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Raffensperger touts election security in trip to area
Georgia Secretary of State Brad Raffensperger
Georgia Secretary of State Brad Raffensperger

Georgia Secretary of State Brad Raffensperger hasn’t exactly had it easy since he took office in 2019.

His own party censured him June 5 at the Georgia GOP convention for failing to stop what some Republicans believe was widespread voter fraud in the 2020 election which saw the state “turn blue” for the first time since 1992.

Two Republican candidates, Jody Hice and David Belle Isle, have already announced they’ll run against Raffensperger in the 2022 primary.

And, the licensed civil engineer and businessman said he and his family, and a handful of other elections officials in the state, have gotten death threats as recently as April.

Democrats, meanwhile, claim the state’s Election Integrity Act of 2021 is an effort to suppress voter turnout, with former Democrat gubernatorial candidate for Stacey Abrams calling it Jim Crow 2.0.

Raffensperger, in the area Tuesday to honor longtime Bulloch County elections official Pat Jones and meet with regional election officials, called such claims “disinformation,” while saying the 2020 election was “the most secure, most accurate and most verified in history.”

Similarly, he said efforts by “cyber criminals and overly aggressive political operatives” led to the passage of the Election Integrity Act of 2021. “We have to continue to improve to stay ahead of bad actors,” Raffensperger said, noting the state’s new requirement replacing signature matches on absentee ballots with photo ID and birth date will make the absentee ballot process more secure.

Raffensperger also disputed reports the Election Integrity Act, or Senate Bill 202, newly bans the provision of food, water or other gifts to voters standing in line to vote, noting previous election law also limited political groups from providing such items within 150 feet of a polling place, Raffensperger said. In addition, SB 2020 requires that precincts shorten waits in line to one-hour to less, and the secretary of state said if that doesn’t occur, the precinct will get additional equipment or be split in half to accommodate voters.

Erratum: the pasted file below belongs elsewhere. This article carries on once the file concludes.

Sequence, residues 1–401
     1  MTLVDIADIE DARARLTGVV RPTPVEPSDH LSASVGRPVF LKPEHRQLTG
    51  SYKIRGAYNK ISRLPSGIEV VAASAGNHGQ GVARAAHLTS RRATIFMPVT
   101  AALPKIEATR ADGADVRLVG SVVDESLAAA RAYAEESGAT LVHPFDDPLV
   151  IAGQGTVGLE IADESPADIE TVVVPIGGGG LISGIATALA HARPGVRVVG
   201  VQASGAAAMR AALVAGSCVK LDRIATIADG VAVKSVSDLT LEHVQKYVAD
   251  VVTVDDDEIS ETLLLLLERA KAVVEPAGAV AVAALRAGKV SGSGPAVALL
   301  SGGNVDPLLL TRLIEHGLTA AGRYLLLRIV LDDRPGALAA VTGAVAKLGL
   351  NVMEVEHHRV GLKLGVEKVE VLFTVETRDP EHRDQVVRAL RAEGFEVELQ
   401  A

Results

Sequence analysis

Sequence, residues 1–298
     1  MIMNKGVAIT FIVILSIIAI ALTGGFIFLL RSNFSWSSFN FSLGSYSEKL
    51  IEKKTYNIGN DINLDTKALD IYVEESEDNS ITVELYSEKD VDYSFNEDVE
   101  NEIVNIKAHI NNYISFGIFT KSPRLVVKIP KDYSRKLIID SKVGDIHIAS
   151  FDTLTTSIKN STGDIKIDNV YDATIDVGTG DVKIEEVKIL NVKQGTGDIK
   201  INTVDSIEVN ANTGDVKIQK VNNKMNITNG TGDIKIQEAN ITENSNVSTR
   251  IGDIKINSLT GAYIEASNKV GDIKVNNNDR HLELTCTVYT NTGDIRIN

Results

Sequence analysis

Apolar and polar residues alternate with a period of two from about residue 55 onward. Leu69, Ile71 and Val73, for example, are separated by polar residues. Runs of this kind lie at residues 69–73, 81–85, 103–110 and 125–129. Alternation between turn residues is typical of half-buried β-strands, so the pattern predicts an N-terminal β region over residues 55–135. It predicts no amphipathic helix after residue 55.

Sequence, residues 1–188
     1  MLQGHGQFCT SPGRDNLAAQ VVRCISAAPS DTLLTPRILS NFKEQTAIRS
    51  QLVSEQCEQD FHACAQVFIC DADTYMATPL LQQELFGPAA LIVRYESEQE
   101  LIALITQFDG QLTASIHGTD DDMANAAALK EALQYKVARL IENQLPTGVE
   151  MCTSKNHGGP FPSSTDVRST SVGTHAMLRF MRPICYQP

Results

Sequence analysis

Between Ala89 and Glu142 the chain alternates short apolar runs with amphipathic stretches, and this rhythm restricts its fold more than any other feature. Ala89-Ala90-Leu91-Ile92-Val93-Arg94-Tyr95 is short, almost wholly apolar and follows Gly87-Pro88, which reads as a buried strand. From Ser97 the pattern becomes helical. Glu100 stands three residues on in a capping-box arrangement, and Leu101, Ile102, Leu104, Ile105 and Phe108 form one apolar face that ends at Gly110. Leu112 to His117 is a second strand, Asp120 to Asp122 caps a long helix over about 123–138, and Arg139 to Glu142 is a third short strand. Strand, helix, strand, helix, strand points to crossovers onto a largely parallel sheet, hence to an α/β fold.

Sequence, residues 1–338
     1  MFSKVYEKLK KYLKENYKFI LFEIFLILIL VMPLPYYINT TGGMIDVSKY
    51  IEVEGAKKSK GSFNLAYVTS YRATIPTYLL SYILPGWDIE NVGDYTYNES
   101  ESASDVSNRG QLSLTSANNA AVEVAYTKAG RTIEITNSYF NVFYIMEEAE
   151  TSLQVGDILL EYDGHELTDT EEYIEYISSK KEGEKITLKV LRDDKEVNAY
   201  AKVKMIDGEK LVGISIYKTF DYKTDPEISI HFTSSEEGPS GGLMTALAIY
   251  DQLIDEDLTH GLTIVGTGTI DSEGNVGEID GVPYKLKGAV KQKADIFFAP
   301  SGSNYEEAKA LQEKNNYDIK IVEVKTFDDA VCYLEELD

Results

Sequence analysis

Despite being censured by Republicans last week, Raffensperger said he remains a conservative and “I’ve been a Republican all my life.”

He also called on both parties to tone down what he called “unpatriotic behavior.”

“People on both sides need to hold their own accountable for their behavior and knock it off,” he said. “It’s appalling.”

The threats, Raffensperger said, have tapered off, but the last one against his family came April 24.

“We don’t have as many as we used to get post-election,” he said.

“I’m an elected official, so I understand why it can happen. But my wife and kids, that should be off limits. We really need to start holding ourselves accountable, and that means looking in our own back yard as well as at the far fringes on both sides.”

Raffensperger said the biggest surprise for him coming out of the 2020 election was the behavior of some of those in his

own party. “I always thought Republicans wore the white hats,” he said, adding those in office who condoned violence or threats on both sides were wrong.

“When BLM was tearing up and destroying cities, you never heard Democratic leadership say that was wrong, that needed to be stopped. Likewise it needs to be stopped if it happens on my side of the aisle,” Raffensperger said.

Citing Abraham Lincoln’s “house divided” speech, Raffensperger added that Republicans need to unite for the 2022 elections, not “continue to look back and work backwards.”

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